Thursday, September 9
Even though we are in Seville (Se-vee-ya), today we are taking a day-trip to Jerez de Fronterra (Heh-reth).
We start with a beautiful buffet breakfast. The choices are not as nice or extensive as at La Bobadilla, but breakfast (desayunos) is served in an open-air courtyard in the middle of the hotel! Yhen at 9 we meet our driver, Pepe, and our new guide Virginia (Vir-hin-ee-ah). What a cute couple! Pepe is in his 60s and is like Tio Pepe. He has known Virginia and her mother Pilar (also a guide) for years. We head out of the city and hear more about crops, castles, and kings. It's all very interesting, but our heads are bursting with information! Pepe tells us jokes and they begin to open up (as the other guides have done). We learn that a lot of towns are suffixed with "de la Fronterra" because they were "on the frontier" between Moorish and Christian controlled areas. After an hour we reach Jerez and our first stop is the Sandeman Sherry Bodega. "Jerez" => "Sherry". Get it? It was pretty much the same as the brandy visit in Africa: a tour of the production areas (several rooms with varying 100s of barrels) followed by a tasting session of several kinds of sherry. Their logo is a cape and a hat (think Zorro), so they asked our group (there were other folks on the tour with us) if anyone wanted to "dress up". Even though we hadn't had any sherry, we volunteered...and were the only ones to do so!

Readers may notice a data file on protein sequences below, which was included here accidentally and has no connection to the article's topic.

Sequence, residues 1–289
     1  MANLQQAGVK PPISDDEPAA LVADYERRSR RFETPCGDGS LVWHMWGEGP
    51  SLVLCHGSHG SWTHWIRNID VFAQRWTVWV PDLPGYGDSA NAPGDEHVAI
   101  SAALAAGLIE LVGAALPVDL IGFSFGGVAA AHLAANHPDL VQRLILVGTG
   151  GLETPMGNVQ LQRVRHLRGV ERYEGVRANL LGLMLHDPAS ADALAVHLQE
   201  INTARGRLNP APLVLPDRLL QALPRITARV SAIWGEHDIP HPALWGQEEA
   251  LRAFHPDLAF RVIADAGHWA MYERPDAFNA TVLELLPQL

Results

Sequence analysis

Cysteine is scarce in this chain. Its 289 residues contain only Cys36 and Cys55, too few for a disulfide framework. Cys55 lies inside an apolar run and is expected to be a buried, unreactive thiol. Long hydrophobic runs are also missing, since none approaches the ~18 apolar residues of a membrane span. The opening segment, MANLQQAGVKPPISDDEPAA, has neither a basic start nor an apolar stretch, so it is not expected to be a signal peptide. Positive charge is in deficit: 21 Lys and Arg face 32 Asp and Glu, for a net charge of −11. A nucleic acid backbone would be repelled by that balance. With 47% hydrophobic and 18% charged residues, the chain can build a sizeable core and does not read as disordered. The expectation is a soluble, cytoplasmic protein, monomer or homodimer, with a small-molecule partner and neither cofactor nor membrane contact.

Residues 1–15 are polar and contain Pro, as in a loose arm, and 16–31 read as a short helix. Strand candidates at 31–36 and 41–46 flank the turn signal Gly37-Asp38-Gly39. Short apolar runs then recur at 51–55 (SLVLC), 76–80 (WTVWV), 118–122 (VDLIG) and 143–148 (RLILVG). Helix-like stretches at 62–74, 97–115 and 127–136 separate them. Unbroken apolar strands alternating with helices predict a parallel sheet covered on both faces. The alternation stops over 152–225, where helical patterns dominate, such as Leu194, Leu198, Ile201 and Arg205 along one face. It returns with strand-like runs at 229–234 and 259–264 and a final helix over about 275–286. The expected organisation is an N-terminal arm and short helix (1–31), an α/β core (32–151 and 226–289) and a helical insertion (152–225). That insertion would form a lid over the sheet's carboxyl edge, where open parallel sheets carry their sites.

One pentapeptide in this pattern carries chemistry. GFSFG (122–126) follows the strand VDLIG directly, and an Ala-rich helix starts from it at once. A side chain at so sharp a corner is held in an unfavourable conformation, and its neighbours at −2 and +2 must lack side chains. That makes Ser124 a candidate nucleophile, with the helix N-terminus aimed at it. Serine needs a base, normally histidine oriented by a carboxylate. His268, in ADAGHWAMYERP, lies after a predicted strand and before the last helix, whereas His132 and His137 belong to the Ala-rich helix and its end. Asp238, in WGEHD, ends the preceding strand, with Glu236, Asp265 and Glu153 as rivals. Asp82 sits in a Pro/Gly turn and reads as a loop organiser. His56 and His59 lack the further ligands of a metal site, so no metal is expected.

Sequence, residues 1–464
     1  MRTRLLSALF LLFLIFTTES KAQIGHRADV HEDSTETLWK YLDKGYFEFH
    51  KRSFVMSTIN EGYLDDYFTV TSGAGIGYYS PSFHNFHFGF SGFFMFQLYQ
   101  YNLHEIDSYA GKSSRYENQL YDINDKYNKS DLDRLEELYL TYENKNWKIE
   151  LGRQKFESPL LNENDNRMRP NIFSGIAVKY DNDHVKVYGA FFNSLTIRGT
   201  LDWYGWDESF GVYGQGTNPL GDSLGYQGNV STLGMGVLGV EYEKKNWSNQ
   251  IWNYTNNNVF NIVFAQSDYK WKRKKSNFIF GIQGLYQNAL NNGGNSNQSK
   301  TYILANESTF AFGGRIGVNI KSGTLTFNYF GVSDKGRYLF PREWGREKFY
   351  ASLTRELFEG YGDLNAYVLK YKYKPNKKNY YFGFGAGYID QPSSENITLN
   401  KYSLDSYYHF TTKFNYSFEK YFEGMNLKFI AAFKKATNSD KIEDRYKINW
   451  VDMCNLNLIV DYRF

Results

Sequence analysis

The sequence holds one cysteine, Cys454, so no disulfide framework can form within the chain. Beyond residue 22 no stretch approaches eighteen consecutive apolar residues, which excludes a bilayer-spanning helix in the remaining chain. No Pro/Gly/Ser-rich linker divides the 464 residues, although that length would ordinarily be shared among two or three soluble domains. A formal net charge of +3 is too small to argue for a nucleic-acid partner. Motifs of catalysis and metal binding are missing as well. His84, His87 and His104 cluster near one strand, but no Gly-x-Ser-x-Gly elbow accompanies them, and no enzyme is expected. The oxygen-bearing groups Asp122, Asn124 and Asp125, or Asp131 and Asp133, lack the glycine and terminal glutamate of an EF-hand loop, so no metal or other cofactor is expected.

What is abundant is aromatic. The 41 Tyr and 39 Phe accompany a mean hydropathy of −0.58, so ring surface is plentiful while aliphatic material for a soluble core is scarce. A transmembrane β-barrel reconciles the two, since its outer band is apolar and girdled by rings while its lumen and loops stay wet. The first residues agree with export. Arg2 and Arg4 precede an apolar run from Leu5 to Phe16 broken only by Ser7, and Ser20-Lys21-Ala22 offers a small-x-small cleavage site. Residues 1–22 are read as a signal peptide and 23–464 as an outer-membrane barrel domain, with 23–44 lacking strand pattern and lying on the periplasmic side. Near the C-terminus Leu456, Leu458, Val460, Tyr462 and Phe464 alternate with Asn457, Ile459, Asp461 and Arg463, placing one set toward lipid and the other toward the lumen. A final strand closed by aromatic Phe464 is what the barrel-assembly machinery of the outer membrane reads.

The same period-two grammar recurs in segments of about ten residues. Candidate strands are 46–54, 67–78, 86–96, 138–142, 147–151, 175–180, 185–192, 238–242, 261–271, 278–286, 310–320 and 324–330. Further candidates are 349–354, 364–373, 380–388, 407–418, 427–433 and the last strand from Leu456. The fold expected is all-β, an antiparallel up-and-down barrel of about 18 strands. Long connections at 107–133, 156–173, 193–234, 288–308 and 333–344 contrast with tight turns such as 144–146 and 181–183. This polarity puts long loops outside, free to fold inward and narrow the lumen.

Then we had to hurry over to the arena to see the famed Dancing Spanish horses.
Woo Woo!!! About 1,000 people in a horse-shoe (coincidence?) shaped building (we were in Row 1, but did not get sprayed or anything), and they play very Spanish marching music and several horses / riders come out and prance across the sand floor. Then, amazingly, they go back and do it again, and the crowd goes wild with excitement! Then they criss-cross, and, yes, they do it again. Then another group comes out and basically does the same thing. We must have missed the good parts as we were having trouble staying awake. Then (thank goodness), it was intermission. Virginia came in and asked if we liked it and wanted to stay for the second half and we said "Oh, sure!", but she could tell we'd been sleeping (maybe she was watching us!). Then, it was the best part: The Zamboni tractor came out and smoothed the sand!!! Act II was pretty much the same with a big finish as ALL 10 HORSES WALKED AROUND AT THE SAME TIME!!!!!!!
All in all, Jerez is a definite "must miss".
Then we went to a real fancy meat place, "El Bosque" for lunch and we asked Pepe and Virginia to join us. Pepe liked to be like the papa, so we let him order for everyone to share. First a plate of Iberian ham and a plate of cheese and a plate of chicken croquettes (plus they brought us a teaser of little toasts with a salmon puree). Then their specialty: rice with shrimp; not paella - this is a little more saucy rice. They spoon it from the big pan onto everyone's plates. We eat, and then they come back to spoon more! Then we had several desserts which we also shared. During this time we had a great conversation about Pepe's family and our family and other tourists and how things have changed over the last few years. Another 2 hour lunch! But oh so delicious!